The BepiColumbo spacecraft, a joint venture from the Japanese Aerospace Exploration Agency (JAXA) and the European Space Agency (ESA), just performed a slingshot around Venus to help slow it down as it continues on its path towards Mercury. The maneuver took place this past Wednesday night, just before midnight Eastern Time.
The $2 billion spacecraft was originally launched in October of 2018, and actually holds two spacecraft within it—one from each agency. Once it completes its seven-year journey towards Mercury, the two spacecraft (one from each agency) will part ways and spend a year orbiting the planet so they can gather data on its atmosphere, structure, and magnetic field.
ESA BepiColumbo project scientist Johannes Benkhoff told The Verge, “You need a lot of energy, actually, to put a spacecraft into orbit around Mercury. And there are two alternatives in order to get this energy: one is to have a lot of fuel, which will make your spacecraft bulky and heavy. The other alternative is to use the help of the planets.”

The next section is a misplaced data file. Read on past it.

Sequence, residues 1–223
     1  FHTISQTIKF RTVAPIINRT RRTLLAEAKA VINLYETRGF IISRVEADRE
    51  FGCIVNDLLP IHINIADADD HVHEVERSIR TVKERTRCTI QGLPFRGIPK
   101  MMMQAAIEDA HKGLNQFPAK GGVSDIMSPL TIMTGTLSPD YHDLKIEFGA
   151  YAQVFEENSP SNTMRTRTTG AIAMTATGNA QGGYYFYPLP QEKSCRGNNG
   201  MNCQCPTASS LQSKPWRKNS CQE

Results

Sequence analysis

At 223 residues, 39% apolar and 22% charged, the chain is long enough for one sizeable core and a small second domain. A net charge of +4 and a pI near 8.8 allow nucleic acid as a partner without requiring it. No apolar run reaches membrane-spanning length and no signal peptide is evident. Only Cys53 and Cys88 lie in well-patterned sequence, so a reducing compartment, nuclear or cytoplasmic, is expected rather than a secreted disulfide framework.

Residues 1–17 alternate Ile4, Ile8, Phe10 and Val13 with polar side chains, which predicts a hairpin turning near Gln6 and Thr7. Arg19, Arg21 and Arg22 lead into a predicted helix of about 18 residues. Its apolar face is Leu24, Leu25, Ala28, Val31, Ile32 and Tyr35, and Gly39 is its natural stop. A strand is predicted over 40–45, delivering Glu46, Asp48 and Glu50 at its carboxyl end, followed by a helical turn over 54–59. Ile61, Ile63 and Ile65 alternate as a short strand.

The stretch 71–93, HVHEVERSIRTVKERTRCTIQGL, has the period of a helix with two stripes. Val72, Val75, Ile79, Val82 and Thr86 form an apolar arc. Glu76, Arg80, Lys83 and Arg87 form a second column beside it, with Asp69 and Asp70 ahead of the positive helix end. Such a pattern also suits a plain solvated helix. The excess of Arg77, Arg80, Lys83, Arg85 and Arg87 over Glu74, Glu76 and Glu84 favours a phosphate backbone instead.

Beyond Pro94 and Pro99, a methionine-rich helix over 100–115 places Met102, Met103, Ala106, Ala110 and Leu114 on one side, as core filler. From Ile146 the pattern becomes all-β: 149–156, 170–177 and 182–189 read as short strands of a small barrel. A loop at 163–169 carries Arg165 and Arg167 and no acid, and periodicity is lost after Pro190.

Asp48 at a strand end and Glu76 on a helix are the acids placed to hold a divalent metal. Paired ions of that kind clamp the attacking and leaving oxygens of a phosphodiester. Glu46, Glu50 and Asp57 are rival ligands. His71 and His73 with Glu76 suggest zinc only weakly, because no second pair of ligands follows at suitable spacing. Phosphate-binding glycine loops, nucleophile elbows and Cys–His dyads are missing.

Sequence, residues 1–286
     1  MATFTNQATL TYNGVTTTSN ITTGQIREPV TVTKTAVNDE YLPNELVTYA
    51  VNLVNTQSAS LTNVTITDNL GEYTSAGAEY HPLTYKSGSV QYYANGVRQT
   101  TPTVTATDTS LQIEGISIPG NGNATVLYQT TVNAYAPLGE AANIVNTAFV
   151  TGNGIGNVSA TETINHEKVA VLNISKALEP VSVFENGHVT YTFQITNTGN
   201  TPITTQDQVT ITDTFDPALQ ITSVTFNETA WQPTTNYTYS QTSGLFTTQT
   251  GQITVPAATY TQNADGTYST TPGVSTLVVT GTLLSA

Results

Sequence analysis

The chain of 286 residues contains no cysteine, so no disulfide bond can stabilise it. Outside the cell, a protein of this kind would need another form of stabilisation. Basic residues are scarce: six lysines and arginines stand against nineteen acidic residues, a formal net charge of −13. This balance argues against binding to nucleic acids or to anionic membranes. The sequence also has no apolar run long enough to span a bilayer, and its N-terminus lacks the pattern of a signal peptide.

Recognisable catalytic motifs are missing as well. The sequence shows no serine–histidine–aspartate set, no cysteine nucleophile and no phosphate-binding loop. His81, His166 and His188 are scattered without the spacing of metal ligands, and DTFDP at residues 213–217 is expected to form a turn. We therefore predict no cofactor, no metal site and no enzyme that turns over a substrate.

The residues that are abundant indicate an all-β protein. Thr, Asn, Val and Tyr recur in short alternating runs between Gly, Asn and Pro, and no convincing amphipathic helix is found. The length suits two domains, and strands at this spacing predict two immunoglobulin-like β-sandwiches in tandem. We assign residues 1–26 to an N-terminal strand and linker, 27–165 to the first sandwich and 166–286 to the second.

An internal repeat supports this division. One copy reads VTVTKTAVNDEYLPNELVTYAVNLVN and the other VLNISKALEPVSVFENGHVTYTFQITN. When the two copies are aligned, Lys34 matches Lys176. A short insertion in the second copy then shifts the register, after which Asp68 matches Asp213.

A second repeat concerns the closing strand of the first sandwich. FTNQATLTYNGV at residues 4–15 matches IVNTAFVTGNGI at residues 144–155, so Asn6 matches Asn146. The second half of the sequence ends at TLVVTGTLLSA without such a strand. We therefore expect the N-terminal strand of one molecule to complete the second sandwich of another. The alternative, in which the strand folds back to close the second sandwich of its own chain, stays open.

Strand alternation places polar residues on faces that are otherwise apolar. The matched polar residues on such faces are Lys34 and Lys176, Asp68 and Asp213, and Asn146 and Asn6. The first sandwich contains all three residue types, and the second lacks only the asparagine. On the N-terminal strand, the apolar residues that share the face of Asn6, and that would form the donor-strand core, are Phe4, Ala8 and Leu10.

So, even though the intense gravitational pull from the Sun will accelerate the spacecraft’s speed as it approaches Mercury, JAXA and ESA scientists determined that slingshotting BepiColumbo around Venus is the most efficient way to slow it down and keep it on track. It will complete six flybys around Mercury before it falls into perfect orbit with it in December of 2025.
Because the spacecraft will complete a flyby past Venus, scientists are also using the mission as an opportunity to study that planet as well. Recently, scientists discovered trace amounts of phosphine, a gas in Venus’ atmosphere and one that’s highly associated with life on Earth. As a result, scientists are curious and eager to have a chance to learn more about the gas and its origins on the planet.
via The Verge